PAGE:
What are some of your favourite travel memories?
In partnership with Age Exchange, Royal Museums Greenwich developed the All Aboard project, creating reminiscence resources for people living with dementia and their carers, inspired by our travel journal collection.
Here, Age Exchange service users share their travel and migration memories, from turbulent crossings to their first impressions of the UK.
“Driving along the way to Lewisham, I said: 'Gosh, what a lot of factories,' and my aunt said, 'No, that’s houses!'"
In 1967, Verona emigrated from Jamaica to the UK. In this recording, she describes her journey – and her first impressions of London.
"They gave me a job in the railway and my job first Monday morning was cleaning lamps. I was up a ladder in King's Cross station and four weeks previous I was a farm labourer [in Ireland]."
Originally from County Cork in Ireland, Denis came to London in 1960. Here, he shares how he started his career in King’s Cross station, worked his way up through the ranks of the Post Office and discusses the importance of hobbies.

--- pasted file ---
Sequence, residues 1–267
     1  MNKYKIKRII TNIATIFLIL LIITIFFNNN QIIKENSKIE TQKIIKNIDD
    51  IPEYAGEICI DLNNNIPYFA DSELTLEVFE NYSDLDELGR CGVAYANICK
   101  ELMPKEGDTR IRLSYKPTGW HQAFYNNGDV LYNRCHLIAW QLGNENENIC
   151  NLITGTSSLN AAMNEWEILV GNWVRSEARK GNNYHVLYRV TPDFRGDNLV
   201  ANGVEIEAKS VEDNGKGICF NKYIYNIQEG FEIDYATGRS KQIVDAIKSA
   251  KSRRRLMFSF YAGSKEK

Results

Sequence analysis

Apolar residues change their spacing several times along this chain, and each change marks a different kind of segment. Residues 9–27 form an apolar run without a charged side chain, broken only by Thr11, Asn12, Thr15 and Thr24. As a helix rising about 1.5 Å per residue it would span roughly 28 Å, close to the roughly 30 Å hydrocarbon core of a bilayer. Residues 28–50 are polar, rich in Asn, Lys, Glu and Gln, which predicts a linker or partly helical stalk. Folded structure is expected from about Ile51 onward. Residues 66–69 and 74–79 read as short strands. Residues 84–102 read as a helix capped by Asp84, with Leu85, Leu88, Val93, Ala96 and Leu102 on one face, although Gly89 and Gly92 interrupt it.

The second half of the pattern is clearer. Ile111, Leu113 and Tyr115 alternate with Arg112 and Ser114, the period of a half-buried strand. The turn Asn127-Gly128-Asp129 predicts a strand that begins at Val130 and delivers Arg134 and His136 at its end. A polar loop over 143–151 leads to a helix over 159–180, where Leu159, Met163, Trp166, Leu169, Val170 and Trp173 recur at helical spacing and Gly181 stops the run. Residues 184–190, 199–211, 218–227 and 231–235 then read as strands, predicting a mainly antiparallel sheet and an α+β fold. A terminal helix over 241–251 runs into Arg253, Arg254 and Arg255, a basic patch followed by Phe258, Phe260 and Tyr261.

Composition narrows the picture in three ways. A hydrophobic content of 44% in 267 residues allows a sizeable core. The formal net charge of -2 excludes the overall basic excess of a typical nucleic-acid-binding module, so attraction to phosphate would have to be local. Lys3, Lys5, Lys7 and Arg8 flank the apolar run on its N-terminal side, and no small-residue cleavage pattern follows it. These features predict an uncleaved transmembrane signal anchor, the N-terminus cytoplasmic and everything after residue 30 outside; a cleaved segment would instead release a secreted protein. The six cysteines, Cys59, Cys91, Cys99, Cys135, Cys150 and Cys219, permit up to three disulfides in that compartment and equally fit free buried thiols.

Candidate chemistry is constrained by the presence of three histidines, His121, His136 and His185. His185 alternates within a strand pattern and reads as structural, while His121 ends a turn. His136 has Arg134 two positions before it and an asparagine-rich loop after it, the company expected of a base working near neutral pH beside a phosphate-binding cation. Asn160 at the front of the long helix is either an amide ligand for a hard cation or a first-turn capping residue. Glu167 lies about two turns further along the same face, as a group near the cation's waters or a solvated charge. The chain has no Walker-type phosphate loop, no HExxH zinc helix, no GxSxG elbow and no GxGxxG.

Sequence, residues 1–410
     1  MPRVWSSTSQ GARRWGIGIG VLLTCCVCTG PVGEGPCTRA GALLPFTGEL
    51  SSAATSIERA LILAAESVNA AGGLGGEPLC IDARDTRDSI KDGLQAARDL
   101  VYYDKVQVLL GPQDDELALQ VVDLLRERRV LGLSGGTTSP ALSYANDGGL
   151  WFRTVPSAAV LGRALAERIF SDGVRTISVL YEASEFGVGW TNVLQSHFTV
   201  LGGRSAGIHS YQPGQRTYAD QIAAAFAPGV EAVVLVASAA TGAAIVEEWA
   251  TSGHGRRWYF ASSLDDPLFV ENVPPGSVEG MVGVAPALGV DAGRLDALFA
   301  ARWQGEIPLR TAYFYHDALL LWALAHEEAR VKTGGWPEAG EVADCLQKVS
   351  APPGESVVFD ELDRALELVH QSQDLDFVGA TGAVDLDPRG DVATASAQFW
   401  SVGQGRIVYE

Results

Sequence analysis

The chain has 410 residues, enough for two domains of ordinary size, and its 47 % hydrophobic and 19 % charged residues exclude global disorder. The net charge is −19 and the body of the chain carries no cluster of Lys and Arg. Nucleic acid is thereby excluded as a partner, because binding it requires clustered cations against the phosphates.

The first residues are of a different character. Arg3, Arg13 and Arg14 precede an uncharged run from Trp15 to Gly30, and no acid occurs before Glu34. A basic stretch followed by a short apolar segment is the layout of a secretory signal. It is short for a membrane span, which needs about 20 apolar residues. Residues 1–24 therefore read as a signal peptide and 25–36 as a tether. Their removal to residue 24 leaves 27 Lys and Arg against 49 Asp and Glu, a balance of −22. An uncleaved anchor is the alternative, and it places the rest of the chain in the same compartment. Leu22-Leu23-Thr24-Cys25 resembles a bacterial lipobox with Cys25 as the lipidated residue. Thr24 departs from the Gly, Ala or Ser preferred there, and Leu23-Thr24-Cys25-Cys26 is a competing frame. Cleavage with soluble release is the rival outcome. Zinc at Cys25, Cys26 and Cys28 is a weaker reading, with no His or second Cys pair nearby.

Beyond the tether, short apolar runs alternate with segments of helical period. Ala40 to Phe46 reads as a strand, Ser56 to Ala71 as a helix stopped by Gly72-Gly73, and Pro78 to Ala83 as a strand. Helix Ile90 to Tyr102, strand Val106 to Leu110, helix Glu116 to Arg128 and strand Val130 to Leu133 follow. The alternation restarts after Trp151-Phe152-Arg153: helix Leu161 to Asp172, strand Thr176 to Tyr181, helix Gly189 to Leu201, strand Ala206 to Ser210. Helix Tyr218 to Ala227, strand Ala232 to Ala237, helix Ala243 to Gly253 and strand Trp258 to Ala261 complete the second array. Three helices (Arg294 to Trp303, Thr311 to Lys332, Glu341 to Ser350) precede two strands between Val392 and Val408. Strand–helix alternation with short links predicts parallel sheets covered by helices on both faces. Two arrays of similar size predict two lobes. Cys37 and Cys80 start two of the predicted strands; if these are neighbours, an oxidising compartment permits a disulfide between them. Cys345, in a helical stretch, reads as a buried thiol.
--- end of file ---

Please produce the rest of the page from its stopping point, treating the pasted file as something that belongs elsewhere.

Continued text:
“I was clinging on to my brother for dear life, thinking we were going to crash.”
Teresa and her siblings were apprehensive when they embarked on their first ever flight to celebrate their parents’ wedding anniversary. But, a turbulent journey left a lasting impression…
“On one particular night, there was a jazz band coming to do some gigs in London and we all stayed on deck all night with the music playing.”
At the age of 18, Eileen sailed to Fishguard from County Cork – a journey she would do on numerous occasions. In this recording, she gives an insight into the crossing and the places she saw.
“It turned out to be a terrible journey. Not only was I sad at leaving all the family […] but the sea was rough."
When Rosa and her children emigrated from Ireland to London to join her husband, she found the homesickness hard to deal with. From making friends to visiting London landmarks, she shares her experiences.
Colleen on her mother’s story
“In order to start a new life, my parents had to find the funds. So, they went about selling every item of furniture they possessed, to find the passage fare to fly to the UK.”
In search of opportunities for their family, Colleen’s parents left Jamaica in 1959 to begin their life in the UK. From the upheaval of moving to racism, Colleen reveals some of the difficulties her mother encountered.